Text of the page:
The Philae Temple


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The Philae Temple in Aswan

The Philae Temple

For more than half a century, water had submerged nearly 50% of the Island of Philae and all of its remaining monuments. This happened because of the annual flooding due to the Aswan Dam. In the 1960s, various rescue operations conducted by the UNESCO had saved these Nubian monuments from destruction. After that, the temples were dismantled entirely and later rebuilt on Agilika Island, which is nearby.

The original orientation of the temples was captured in their reconstruction. Agilika was chosen because it has a higher elevation than Philae. But the workers made Agilika look like classic Philae by landscaping and reshaping it to perfection. If you were to visit the original Philae island, you could still see the metal pylons coming out of the water in the area that faces southern Agilika.

The oldest Philae monument to have survived is the Nectanebo I Kiosk from Dynasty XXX. Some evidence suggests the building was constructed during Dynasty XXV, but nothing is certain. There are mostly Roman structures and Ptolemaic structures here. Early Christians reused them after Emperor Justinian closed the temple in 550 A.D. The primary temple was constructed to honor Isis and was the main location of the Isis and Hathor cults in the Roman time period. No other pagan temple in Egypt was used after it.

Philae has several legends told about it. The main legend is about how Isis discovered Osiris’ heart in Philae after his brother Seth murdered him. A Sound and Light Show is held every evening in Philae to pay tribute to these legends. Between the floodlit monuments and the beautiful backdrop, they make the show a wonderful experience to witness.

The structure of Nectanebo in the south is basically a hall that contains columns that connect screen walls together. The courtyard has two colonnades on the west side and east side which take you to the original temple pylon. Various floral capital exists on each column. Ptolemy XII developed the first pylon, and a classic Egyptian style was used for its decoration. It also contains reliefs depicting the King overpowering his enemies as well as worshipping Isis the Goddess.


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Nectanebo built the original and primary portal. In 1799, the French army came to the portal and made inscriptions on the upper east wall. The western tower features the second portal which takes you to a birth house. It shows a depiction of Isis in the marshes while breastfeeding Horus, who was her son. Another colonnade is found in the inner court’s eastern side. Several chambers are in the back of it too. South of the colonnade contains a granite altar depicting Taharqo. It happens to be the island’s oldest object, which makes it a popular tourist attraction.

The second pylon will take you to the hypostyle hall, while a western tower staircase goes to the roof. There are several Osiris chambers in this area, which contains relief depictions of the god’s mourning and death. Sadly, guests are not allowed to access the roof of the pylon.

Hypostyle Hall

The small and modest hypostyle hall is not as impressive as other temples that were built during this time period. Three vestibules can take you to the main sanctuary, which has chambers on both sides that can take you to the crypts.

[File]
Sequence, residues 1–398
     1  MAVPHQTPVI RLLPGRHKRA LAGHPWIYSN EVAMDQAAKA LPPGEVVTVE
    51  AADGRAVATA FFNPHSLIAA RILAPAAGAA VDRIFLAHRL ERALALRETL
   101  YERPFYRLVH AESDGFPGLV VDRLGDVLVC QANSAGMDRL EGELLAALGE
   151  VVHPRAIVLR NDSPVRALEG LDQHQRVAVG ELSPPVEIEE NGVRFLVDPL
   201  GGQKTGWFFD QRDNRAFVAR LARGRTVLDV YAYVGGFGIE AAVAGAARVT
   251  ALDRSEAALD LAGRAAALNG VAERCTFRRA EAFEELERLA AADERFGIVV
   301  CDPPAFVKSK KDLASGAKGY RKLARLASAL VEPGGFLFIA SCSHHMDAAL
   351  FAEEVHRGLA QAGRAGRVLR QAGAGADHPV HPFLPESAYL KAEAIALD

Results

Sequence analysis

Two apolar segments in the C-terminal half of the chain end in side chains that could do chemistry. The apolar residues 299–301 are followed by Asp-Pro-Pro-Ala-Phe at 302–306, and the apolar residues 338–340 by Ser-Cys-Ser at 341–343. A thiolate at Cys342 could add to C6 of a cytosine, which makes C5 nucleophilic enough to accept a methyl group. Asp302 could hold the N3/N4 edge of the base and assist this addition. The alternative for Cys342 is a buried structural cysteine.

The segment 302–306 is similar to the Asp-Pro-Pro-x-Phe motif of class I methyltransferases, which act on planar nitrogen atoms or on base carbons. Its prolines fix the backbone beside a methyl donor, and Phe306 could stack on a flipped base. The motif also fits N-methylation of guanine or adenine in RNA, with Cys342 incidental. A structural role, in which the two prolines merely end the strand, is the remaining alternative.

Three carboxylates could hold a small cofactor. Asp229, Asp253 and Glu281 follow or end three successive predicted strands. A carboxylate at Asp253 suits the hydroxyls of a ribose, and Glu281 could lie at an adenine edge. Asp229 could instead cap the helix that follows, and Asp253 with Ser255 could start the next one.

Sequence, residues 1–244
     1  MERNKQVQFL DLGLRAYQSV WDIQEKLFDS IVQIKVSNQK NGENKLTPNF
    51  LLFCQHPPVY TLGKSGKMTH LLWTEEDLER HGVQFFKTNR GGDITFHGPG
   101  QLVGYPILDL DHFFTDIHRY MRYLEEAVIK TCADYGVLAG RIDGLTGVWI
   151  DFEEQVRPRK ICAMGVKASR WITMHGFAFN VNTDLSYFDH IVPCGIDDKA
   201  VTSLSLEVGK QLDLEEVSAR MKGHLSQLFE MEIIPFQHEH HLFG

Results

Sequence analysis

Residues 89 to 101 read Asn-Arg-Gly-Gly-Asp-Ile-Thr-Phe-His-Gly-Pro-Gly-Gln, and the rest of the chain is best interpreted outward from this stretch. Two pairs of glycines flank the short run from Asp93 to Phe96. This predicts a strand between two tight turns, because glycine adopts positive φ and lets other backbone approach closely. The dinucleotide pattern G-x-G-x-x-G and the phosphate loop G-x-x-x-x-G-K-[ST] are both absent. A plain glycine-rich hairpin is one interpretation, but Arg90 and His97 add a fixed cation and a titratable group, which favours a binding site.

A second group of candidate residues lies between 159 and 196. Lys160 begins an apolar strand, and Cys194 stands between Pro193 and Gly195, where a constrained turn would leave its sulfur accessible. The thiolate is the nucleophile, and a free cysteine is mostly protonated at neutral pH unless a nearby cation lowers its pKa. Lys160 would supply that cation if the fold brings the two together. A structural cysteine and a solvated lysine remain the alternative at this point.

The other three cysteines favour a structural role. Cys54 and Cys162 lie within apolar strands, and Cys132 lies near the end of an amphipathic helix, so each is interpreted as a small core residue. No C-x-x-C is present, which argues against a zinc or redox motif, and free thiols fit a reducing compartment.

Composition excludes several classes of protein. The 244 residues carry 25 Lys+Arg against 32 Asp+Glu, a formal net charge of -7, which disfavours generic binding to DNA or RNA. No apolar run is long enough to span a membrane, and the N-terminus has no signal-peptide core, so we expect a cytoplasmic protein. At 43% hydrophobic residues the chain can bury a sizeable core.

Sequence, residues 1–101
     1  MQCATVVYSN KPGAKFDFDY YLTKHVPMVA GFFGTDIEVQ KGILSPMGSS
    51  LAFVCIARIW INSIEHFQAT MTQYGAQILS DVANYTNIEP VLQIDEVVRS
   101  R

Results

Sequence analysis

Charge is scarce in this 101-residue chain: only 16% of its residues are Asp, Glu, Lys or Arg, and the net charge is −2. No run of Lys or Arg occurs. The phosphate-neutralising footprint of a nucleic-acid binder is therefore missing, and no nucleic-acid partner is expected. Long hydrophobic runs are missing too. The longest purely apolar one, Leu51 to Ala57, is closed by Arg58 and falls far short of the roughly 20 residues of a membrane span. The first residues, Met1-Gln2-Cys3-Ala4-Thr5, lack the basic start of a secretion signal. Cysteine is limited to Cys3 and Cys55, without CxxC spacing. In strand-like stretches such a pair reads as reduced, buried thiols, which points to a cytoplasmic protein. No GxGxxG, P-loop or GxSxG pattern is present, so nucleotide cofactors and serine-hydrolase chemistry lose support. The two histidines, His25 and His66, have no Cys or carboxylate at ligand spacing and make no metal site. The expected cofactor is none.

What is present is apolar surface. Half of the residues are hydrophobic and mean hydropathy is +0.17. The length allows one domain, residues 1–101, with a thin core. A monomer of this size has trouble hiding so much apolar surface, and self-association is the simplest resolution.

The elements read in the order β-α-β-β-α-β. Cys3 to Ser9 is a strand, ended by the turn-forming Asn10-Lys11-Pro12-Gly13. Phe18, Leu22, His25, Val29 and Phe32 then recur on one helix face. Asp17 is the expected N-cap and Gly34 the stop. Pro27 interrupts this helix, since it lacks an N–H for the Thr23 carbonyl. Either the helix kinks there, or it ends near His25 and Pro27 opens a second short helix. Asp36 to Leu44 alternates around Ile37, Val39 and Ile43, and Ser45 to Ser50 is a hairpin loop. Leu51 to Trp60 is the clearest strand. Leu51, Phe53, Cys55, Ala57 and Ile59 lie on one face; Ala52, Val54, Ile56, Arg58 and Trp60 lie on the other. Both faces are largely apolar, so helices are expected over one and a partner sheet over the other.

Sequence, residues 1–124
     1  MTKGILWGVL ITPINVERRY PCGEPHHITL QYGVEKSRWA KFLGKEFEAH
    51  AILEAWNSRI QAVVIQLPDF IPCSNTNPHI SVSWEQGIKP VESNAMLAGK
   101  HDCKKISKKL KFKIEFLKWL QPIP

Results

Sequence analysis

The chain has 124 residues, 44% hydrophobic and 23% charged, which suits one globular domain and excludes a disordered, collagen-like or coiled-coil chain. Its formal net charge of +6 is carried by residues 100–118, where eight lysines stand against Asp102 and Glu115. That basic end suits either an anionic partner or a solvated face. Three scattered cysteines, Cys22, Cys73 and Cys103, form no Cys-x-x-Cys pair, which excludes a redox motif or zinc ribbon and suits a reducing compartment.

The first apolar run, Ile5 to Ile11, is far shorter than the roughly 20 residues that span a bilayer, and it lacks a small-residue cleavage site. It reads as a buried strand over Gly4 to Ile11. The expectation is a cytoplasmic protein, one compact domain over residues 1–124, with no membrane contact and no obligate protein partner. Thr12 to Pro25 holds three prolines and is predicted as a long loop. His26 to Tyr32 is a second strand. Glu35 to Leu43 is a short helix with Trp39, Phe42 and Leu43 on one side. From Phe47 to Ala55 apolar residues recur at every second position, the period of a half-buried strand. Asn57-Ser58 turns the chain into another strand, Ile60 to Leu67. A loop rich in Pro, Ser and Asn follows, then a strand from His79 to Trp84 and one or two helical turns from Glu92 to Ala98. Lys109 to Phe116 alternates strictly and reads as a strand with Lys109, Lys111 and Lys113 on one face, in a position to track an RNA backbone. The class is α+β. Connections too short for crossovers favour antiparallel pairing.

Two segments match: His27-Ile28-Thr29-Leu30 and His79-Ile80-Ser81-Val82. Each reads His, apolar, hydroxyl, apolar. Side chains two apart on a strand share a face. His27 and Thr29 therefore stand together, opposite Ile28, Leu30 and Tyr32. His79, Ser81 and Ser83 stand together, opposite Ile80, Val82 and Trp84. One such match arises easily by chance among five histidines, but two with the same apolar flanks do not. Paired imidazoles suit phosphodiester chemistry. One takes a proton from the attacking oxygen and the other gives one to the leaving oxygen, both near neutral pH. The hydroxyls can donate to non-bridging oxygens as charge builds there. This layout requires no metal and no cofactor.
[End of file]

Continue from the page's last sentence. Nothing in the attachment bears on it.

The eastern side has a doorway that takes you out of the main temple and to the smaller Hathor Temple that was constructed by Ptolemy VI as well as Ptolemy VIII. It features Ptolemaic papyrus columns, along with depictions of an ape that is playing a musical instrument next to the god Bes. A restoration project is currently underway.

The Trajan Kiosk is close by. Out of all the monuments of Philae, this one is the most recognizable. The last part of the South and Light show revolves around this monument. It is a rectangular structure that contains 14 columns, screen walls, and reliefs with depictions of Emperor Trajan and his offerings to Horus, Isis, and Osiris. Unfortunately, the roof is no longer on the kiosk. In fact, the kiosk is very open and full of air. When you leave the island on the river, there is a great view of the Trajan Kiosk.

The outside walls of the Isis Temple show carved scenes that were put there by Emperor Tiberius and Emperor Augustus. The northern side and eastern side contained mudbrick buildings, but they were destroyed over the years. These buildings would have been where the temple staff and Roman priests had lived. The northern side of the island contains a Roman gateway and quay that was constructed by Diocletian. Then you can find a nilometer on the western side of the island which takes you to the river. Nilometers, of course, were structures that could measure the level of floodwater in order to determine the taxes for the next harvest.

Other Monuments in the Area

Agilika has a lot of islands nearby. However, the islands that have more of an association with the Island of Philae are its neighbours: The Island of Konosso and the Island of Biga. You can get to Biga if you hire a private boat to take you there. You will find Osiris cult buildings on the island. According to Graeco and Roman legends, Osiris was dismembered, and his remains were buried on the island. Also, the source of the Nile is a cavern that is supposedly underneath Biga. You can’t see much there today because it is pretty much overgrown with vegetation. You can still find Ptolemaic gateway areas to the temple that are still there.


Updated on April 26 2020